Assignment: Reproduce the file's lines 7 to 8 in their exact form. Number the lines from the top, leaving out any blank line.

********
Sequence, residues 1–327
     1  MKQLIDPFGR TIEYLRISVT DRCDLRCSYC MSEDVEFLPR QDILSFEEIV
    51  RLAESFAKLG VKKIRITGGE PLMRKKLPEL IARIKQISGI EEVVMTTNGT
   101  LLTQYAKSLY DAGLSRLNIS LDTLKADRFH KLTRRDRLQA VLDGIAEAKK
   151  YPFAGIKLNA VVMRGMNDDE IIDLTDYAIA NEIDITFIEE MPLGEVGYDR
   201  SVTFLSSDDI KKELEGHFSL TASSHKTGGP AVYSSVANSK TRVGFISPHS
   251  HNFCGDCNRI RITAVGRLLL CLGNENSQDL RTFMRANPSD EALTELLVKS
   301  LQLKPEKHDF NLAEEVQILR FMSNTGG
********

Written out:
   251  HNFCGDCNRI RITAVGRLLL CLGNENSQDL RTFMRANPSD EALTELLVKS
   301  LQLKPEKHDF NLAEEVQILR FMSNTGG